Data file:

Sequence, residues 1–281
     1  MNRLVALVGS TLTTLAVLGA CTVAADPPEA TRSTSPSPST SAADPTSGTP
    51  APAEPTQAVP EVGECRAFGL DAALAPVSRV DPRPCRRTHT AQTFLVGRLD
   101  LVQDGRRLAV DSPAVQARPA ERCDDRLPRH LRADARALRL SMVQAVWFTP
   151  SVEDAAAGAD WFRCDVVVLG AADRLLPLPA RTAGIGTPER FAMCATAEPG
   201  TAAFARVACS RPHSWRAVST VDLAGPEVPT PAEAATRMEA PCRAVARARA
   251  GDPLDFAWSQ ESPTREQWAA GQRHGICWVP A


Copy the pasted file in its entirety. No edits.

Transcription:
Sequence, residues 1–281
     1  MNRLVALVGS TLTTLAVLGA CTVAADPPEA TRSTSPSPST SAADPTSGTP
    51  APAEPTQAVP EVGECRAFGL DAALAPVSRV DPRPCRRTHT AQTFLVGRLD
   101  LVQDGRRLAV DSPAVQARPA ERCDDRLPRH LRADARALRL SMVQAVWFTP
   151  SVEDAAAGAD WFRCDVVVLG AADRLLPLPA RTAGIGTPER FAMCATAEPG
   201  TAAFARVACS RPHSWRAVST VDLAGPEVPT PAEAATRMEA PCRAVARARA
   251  GDPLDFAWSQ ESPTREQWAA GQRHGICWVP A